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Hill House 'Tower', Tarset

In the civil parish of Tarset.
In the historic county of Northumberland.
Modern Authority of Northumberland.
1974 county of Northumberland.
Medieval County of Northumberland.

OS Map Grid Reference: NY76168692
Latitude 55.17601° Longitude -2.37588°

Hill House 'Tower', Tarset has been described as a Pele Tower although is doubtful that it was such, and also as a probable Bastle.

There are cropmark/slight earthwork remains.


(NY 76188691) A pele formerly stood at Hill House (MacLauchlan 1867).
This tower has yet to be identified (Clarke)
Hill House is a farmhouse situated upon the top of a pasture-covered hill. It bears no traces of antiquity. The nearby stone dykes were examined but no stones were seen that could be associated with a Pele tower. The site is an ideal one, with a commanding view in all directions, particularly over the road valley of the River North Tyne to the south, and up the valley of the Thorney Burn to the north. This burn flows immediately to the east of the site in a deep narrow ravine, whose precipitous rocky sides provide a strong natural defence to the east and north.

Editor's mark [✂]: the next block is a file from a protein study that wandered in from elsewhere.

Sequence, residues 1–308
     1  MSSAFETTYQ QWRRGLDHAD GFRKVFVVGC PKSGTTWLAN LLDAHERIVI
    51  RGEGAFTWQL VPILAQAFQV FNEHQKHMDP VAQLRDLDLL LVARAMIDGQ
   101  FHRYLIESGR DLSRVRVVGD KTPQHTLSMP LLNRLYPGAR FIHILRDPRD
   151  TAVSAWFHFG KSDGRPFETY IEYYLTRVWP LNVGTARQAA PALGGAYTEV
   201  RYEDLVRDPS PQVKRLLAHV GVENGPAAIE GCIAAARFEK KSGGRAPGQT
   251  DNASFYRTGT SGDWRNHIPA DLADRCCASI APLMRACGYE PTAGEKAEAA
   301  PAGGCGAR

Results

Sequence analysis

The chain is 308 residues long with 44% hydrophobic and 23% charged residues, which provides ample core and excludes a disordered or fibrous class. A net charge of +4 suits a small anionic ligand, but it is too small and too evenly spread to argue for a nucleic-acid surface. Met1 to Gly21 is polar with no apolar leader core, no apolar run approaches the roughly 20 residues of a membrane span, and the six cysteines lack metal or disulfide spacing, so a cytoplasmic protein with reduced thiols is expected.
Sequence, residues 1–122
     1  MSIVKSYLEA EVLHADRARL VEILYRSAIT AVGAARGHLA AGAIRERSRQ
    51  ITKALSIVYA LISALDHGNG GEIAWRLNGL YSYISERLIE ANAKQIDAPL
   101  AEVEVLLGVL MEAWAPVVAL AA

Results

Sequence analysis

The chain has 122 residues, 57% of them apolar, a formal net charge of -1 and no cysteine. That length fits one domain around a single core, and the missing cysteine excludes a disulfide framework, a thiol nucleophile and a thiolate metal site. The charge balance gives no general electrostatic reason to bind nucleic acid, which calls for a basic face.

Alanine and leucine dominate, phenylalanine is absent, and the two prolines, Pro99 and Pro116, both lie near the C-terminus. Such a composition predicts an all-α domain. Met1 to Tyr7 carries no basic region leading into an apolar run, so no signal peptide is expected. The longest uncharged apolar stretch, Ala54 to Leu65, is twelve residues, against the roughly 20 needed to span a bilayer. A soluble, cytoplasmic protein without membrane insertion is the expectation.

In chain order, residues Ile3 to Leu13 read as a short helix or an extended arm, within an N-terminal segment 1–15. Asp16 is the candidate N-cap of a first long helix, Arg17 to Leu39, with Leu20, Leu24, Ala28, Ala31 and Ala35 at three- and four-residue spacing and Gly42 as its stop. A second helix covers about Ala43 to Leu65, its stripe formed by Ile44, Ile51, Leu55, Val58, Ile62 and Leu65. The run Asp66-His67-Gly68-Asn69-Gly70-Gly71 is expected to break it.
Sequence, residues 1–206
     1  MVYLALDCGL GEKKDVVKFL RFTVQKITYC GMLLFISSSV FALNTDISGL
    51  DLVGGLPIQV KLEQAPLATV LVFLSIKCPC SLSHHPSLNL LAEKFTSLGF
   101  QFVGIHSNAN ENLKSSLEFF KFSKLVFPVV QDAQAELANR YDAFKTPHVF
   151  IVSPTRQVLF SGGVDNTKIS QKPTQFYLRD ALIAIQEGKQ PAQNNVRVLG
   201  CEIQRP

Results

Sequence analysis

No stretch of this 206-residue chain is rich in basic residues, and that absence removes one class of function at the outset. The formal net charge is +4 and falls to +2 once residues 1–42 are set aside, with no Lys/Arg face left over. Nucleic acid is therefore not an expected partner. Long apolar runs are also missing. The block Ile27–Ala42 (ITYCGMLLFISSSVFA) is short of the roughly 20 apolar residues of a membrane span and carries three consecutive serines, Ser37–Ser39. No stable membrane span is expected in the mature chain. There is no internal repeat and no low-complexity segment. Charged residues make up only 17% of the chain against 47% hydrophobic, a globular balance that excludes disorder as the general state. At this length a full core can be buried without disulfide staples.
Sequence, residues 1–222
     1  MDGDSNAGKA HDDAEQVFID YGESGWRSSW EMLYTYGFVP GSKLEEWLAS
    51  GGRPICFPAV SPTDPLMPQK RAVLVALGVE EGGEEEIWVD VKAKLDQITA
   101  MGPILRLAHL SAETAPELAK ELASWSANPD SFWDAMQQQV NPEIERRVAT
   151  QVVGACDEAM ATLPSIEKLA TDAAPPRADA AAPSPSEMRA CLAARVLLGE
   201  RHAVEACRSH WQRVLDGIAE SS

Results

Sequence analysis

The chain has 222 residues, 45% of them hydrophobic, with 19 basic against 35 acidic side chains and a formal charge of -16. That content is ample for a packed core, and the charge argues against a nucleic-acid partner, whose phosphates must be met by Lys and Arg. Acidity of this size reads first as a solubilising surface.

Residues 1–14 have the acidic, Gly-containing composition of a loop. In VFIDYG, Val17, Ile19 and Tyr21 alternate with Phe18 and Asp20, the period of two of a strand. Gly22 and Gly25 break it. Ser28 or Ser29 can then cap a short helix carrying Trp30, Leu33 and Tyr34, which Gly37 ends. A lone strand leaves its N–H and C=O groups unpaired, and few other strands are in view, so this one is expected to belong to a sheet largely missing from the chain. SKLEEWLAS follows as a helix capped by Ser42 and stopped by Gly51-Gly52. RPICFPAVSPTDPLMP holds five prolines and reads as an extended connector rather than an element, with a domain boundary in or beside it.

50.0m to the NW of the farmhouse is a low grassy elevation, 12.0m by 10.0m in size, of a maximum height of 0.5m, and containing much loose stone. Though there are no indications of antiquity, the mound suggests a very probable position for a former Pele, being on the highest part of the hill-top, NY 76168692.
Mr Ions, of Low Thorneyburn, owner of Hill House, has no knowledge of a Pele formerly at the farmstead (F1 FDC 05-JUL-56). (PastScape)

Recorded by MacLauchlan in a list of local 'Pele Towers' given to him by an old resident - most of these 'towers' actually were bastles or pele-houses. The location is much more likely as a pele-house (i.e. a tenanted farmstead) than a pele tower (i.e. gentry status dwelling).
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This record last updated 26/07/2017 09:21:28

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